Wakatsuki’s change of tone from observational to nostalgic illustrates her own transition from denying her time at Manzanar to accepting it as one of the most important events of her life. She opens the chapter with a dry, observational list of details about what she sees and hears. However, this tone takes on an eerie quality halfway through the chapter when Wakatsuki discovers the memorial to the dead and begins to hear what she thinks are the voices of ghosts of those who died in the camp. Surrounded by barbed wire, the memorial becomes a miniature image of the camp itself from which the residents cannot escape even in death. That Jeanne has almost convinced herself over the years that she only imagined Manzanar requires her to prove to herself that it is indeed real. She portrays the voices and images that come back to her as if she is reliving them. By interweaving her memories among the details of what she actually sees, she draws us into her past. By the end of the chapter, her real observations of the ruins have disappeared, and the world of her memory has completely enveloped us. Recognizing Manzanar as a real place with a real history makes Jeanne realize that her life really began there, which transforms her experience at Manzanar from an emotional burden she carries with her into a crucial part of her identity.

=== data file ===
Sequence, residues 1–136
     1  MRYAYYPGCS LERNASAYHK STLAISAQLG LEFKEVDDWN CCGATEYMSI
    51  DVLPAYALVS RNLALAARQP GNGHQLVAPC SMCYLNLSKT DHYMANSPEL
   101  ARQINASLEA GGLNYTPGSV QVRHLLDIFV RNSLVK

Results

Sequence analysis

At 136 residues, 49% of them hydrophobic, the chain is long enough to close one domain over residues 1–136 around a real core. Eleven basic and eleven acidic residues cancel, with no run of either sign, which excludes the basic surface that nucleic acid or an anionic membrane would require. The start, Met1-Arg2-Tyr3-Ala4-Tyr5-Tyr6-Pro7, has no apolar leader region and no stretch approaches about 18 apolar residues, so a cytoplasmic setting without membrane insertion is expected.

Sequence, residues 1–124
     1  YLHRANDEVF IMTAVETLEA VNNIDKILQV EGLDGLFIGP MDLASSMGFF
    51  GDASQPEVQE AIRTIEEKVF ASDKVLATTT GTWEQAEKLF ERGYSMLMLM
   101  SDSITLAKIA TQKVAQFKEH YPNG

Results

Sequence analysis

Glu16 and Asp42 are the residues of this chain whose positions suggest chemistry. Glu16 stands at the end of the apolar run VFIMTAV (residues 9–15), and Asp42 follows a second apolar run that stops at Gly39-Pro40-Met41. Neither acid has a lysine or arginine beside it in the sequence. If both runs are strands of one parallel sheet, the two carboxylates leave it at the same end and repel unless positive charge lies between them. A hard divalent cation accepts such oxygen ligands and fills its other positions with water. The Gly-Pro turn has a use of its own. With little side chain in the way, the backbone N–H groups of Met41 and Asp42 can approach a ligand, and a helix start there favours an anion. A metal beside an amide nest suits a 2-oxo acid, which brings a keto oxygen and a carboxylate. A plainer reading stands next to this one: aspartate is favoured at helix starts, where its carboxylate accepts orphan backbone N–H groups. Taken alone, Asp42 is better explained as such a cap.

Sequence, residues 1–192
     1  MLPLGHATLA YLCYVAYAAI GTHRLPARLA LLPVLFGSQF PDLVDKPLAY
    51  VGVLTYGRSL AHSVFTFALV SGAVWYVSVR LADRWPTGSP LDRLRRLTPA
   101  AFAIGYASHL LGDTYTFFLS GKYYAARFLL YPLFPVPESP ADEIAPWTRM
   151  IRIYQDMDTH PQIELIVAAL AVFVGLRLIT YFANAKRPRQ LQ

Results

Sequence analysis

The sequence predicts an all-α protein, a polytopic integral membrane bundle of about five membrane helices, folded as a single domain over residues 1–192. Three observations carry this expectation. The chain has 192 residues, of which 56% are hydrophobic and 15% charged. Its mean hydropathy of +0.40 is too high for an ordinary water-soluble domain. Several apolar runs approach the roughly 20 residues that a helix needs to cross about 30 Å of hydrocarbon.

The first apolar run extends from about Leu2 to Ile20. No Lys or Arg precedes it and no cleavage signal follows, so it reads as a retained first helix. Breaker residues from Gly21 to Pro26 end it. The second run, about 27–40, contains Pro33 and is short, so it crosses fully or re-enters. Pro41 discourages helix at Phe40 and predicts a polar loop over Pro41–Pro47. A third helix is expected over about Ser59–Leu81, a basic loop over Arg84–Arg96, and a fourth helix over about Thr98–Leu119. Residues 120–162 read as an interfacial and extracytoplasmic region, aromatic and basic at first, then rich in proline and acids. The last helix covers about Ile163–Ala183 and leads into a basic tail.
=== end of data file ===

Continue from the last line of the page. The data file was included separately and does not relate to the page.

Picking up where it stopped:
The visit to Manzanar is a way for Wakatsuki to reclaim what she lost when her family fell apart in the camp. In her stroll through the ruins and through her memories, she searches for signs of her family and Papa, both of which the camp destroyed, in order to restore her memory of what was good in them. The sign she finally finds is a memory of Papa’s final proud and defiant ride through camp in his car. Like Woody, Jeanne comes to understand through a memory of Papa that his stubborn pride was really just a corrupted version of the flourish that had always been his greatest strength. His flourish is what she remembers most about him before the evacuation, so it is appropriate that she returns to Manzanar, where this dignity was lost, to reclaim her family’s pride. For Jeanne, coming to terms with Manzanar means coming to terms with what it took from her and those she loved.
Wakatsuki’s memoir focuses on the endurance of memory rather than on the ability to leave experiences behind. Though the title Farewell to Manzanar implies that Wakatsuki uses the act of writing this memoir to leave the camp behind, the final scene illustrates that the time she spent in the camp will always remain with her. Wakatsuki ends the book not with a description of her life after her time at Manzanar but with a reminiscence from her camp days. In this section, she uses stones to exemplify this endurance of memory and experience. Some of the few physical reminders of the camp’s existence, the precisely placed stones and concrete slabs, act as a testament to Wakatsuki that the events at Manzanar actually occurred. Like the stones, Wakatsuki’s memories persist over time. She cannot simply bid the camp farewell and forget about her time there, because her experiences there helped shaped who she is.